Heavyweight contender Dillian Whyte is ready to showcase one of his devastating punches against Oscar Rivas when the pair clash in the O2 Arena on July 20. Whyte has warned the visitor that even if his vaunted left hook doesn’t land then one of his other money punches will.
Murmurings on tickets sales (or lack thereof) last week suggested that only a few thousand had been snapped up for the sizeable Greenwich venue. Some observers suggested that a lack of interest in the main event has caused the slow uptake, while others believe fight fatigue might be kicking in as revellers find other things to do with their hard-earned cash.
Whyte is a spirited individual with plenty of personality. The Brixton resident would act as the perfect foil for a fight with Anthony Joshua, Deontay Wilder, Tyson Fury or even a Dereck Chisora because he flourishes when working off his opponent’s character. Winding up foes, making himself a nuisance prior to big fights is more Whyte’s forte – it’s more of a suitable role. Asking Whyte to play the A-Side against a relatively unknown and unheard of fighter like Rivas (26-0) who, before his early-2019 upset win over Bryant Jennings, was just another faceless contender with wins over lesser opposition, might explain the fight fans’ inertia.
The fact that promoter Eddie Hearn is busy plotting his next move in America, coupled with Whyte’s overall relationship with the casual fan market required to buy up extra tickets and Pay-Per-Views, has possibly resulted in a slow shift. Dillian needs Eddie on camera, creating narratives, cultivating storylines, consistently selling his man to the British public. The most significant push Whyte has received of late came from [Barry] Hearn Snr talking about boxing slave contracts.
Savvy Top Rank boss Bob Arum also alluded to the fact that Whyte-Rivas was not selling well when he was busy explaining why the final details for the upcoming Vasyl Lomachenko-Luke Campbell fight, expected to take place in the same arena at the end of August, had not been finalised.
As for the main man, Dillian Whyte is unconcerned with outside-of-the-ring activities. The Jamaican-born slugger -who has become somewhat of a PPV stalwart despite not having fought for a world title- is rightly focused on his own job.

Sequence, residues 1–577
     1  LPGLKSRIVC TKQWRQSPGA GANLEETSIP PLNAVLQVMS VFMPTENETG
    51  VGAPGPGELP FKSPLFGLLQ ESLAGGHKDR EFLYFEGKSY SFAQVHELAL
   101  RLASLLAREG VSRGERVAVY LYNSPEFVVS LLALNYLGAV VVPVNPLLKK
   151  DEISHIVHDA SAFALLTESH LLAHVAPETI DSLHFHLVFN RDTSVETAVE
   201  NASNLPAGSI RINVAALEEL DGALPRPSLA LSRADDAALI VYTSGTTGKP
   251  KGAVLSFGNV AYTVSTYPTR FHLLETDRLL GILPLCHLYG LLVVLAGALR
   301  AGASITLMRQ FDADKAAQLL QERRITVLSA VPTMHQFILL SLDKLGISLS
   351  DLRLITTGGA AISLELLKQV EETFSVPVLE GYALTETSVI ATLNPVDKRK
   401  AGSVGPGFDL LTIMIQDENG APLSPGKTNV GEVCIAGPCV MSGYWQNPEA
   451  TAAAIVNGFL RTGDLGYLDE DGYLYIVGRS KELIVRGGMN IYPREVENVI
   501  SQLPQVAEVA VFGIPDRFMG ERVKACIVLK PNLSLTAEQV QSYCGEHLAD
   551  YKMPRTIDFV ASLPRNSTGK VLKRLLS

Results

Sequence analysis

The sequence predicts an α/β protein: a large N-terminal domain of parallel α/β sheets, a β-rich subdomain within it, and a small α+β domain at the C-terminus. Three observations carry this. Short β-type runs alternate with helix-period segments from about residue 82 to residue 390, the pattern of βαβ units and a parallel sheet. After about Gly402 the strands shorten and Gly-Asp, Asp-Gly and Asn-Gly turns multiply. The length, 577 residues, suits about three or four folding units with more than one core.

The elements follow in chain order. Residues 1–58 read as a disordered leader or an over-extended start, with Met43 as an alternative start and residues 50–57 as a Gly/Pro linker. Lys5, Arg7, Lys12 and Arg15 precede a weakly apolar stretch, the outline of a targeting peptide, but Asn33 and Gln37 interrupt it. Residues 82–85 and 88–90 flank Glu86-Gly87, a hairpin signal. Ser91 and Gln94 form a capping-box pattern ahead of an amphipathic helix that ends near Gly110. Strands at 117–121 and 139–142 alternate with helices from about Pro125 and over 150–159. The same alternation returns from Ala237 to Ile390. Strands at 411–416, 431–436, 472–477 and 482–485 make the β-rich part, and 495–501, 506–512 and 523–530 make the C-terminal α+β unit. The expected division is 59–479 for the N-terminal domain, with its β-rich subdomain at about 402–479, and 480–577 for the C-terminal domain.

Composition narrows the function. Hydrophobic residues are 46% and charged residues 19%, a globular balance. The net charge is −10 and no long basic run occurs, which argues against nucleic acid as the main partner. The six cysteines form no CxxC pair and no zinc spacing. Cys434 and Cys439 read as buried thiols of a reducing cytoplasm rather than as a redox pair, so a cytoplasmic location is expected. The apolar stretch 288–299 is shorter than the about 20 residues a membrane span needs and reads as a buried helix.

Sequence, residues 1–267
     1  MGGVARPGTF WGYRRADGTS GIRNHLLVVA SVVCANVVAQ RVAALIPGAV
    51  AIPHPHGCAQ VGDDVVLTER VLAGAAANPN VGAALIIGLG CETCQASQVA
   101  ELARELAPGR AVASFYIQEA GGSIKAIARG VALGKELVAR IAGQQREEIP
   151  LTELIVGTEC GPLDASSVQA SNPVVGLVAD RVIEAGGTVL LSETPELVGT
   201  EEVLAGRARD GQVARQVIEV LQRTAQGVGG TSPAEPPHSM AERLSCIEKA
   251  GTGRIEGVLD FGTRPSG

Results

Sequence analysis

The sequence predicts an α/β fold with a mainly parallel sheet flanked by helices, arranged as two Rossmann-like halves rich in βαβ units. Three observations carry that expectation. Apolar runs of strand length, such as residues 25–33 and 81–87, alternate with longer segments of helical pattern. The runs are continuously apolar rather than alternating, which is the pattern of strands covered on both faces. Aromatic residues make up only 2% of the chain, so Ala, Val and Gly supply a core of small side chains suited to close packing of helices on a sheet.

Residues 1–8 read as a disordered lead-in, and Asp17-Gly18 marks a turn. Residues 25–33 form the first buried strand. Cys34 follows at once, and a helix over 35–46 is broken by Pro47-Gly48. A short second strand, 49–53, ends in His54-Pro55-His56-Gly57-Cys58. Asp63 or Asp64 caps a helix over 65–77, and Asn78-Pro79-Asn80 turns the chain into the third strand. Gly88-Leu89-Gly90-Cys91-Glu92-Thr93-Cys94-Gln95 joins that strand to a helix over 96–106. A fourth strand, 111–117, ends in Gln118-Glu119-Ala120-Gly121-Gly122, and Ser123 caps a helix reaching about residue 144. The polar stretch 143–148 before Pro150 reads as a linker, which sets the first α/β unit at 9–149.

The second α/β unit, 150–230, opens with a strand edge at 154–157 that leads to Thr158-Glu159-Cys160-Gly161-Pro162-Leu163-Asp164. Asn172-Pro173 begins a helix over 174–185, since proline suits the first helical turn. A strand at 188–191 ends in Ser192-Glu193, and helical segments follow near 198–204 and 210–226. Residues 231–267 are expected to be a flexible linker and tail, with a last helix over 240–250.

“Everyone I step in the ring with I believe I’m going to stop them, man,” Whyte explained in his usual no-frills fashion. “Sometimes I don’t get the stoppage, but I do try my hardest. I do what I need to do, and I focus on me. I train hard, and I don’t leave no stone unturned.”
Dillian also ensured his supporters that he would not be overlooking his Colombian foe, and always strives for improvements. Whyte added: “I don’t really care what these guys are going to do. They all have two hands and two legs; they’re going to do the same thing, jab, uppercuts, hooks, overhand, whatever. It’s a different challenge, different mindset, a fresher guy as people say.”
There is more heavyweight interest propping up the main event as two ubiquitous names continue to rumble along on the domestic scene. Big-punching David Price has huge vulnerabilities (including suspect durability, and a dire gas tank), but possesses enough of a dig to keep his fights interesting. This quality has garnered him a fight with David Allen. The latter is not great, but tough enough to ride out the early storm and wear Price down for a stoppage win somewhere in the region of the eighth or ninth round.
Headliner Whyte’s twice-disposed rival Dereck Chisora meets former Deontay Wilder victim Artur Szpilka further down the card.